Monday, March 23, 2015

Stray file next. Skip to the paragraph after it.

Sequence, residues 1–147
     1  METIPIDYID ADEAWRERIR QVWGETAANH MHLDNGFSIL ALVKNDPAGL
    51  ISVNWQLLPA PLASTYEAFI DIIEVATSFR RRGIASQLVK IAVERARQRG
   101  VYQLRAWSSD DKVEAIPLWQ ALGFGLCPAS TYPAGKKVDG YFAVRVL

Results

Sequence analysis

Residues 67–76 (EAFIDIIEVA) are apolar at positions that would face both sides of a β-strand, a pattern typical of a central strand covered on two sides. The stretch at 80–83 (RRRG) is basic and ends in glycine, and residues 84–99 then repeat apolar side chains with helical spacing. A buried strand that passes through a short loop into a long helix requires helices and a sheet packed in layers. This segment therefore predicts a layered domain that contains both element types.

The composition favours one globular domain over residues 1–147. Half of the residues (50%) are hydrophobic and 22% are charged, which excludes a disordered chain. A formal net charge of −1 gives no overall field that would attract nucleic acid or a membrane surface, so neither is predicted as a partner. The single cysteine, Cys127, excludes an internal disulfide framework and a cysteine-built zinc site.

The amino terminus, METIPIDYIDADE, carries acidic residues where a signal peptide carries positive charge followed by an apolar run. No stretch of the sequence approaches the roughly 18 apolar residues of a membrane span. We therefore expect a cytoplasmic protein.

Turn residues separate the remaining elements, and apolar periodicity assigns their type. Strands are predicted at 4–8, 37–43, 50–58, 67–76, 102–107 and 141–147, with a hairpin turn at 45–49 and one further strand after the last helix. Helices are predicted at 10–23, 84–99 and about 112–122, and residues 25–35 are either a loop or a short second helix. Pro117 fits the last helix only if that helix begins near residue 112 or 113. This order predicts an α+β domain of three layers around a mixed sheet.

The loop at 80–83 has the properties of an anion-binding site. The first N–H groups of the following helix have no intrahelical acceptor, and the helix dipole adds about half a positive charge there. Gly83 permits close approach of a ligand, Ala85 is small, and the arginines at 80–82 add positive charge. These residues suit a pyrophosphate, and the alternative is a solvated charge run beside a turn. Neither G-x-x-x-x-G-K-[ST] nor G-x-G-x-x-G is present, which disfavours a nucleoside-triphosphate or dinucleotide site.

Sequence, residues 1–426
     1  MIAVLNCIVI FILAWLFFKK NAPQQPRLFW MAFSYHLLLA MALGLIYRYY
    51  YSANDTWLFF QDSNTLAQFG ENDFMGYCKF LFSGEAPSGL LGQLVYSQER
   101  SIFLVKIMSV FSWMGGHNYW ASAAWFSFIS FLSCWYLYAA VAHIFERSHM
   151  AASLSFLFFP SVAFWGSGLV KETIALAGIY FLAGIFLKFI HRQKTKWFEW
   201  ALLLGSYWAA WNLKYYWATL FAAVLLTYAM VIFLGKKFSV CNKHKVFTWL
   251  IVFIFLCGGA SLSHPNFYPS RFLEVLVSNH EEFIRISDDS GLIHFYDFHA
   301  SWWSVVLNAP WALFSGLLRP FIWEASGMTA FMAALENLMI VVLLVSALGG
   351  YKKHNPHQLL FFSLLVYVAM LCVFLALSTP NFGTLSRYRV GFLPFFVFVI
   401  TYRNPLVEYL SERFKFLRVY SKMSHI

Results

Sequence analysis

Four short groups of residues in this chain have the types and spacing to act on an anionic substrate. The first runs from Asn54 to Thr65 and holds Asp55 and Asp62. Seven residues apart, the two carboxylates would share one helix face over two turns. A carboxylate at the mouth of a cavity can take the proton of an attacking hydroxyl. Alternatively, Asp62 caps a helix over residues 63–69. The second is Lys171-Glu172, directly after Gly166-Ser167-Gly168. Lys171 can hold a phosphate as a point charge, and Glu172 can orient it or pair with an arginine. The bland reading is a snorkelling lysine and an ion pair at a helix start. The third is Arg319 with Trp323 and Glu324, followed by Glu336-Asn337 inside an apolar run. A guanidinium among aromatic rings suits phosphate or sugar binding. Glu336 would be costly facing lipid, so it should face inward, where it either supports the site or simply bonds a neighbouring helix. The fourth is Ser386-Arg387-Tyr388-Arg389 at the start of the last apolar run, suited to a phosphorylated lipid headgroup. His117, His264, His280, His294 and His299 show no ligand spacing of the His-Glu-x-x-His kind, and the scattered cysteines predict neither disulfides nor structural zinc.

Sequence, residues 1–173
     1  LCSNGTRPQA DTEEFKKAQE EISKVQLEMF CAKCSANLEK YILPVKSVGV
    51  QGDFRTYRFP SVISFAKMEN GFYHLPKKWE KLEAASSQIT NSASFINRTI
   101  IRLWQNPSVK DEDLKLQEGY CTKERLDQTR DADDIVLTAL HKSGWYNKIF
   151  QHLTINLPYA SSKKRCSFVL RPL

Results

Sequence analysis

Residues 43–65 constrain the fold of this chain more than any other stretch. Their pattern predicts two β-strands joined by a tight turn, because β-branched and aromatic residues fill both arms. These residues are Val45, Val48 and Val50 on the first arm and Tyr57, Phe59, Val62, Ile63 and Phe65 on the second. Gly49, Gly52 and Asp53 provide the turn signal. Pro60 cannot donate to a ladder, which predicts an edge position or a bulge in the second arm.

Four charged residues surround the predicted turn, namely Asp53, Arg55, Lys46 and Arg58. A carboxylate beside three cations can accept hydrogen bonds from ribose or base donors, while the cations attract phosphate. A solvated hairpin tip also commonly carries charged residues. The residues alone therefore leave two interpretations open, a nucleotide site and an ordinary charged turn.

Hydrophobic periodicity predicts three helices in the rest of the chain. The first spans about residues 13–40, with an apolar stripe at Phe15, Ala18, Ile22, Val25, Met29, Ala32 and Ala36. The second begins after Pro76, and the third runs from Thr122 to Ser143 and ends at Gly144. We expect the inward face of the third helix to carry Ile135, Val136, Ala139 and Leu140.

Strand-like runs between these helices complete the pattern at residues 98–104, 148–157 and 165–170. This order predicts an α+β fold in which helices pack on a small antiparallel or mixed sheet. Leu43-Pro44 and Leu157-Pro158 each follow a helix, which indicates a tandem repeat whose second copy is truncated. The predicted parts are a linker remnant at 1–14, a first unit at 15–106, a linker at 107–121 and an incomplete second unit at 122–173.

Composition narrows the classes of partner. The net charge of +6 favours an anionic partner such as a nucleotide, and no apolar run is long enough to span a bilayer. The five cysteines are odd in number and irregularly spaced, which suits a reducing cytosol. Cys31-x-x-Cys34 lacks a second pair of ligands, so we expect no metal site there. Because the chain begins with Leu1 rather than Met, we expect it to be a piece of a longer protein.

The austerity, recently, has become one of the most heatedly disputed notion, and in the politics or the media it is often used, like a curse.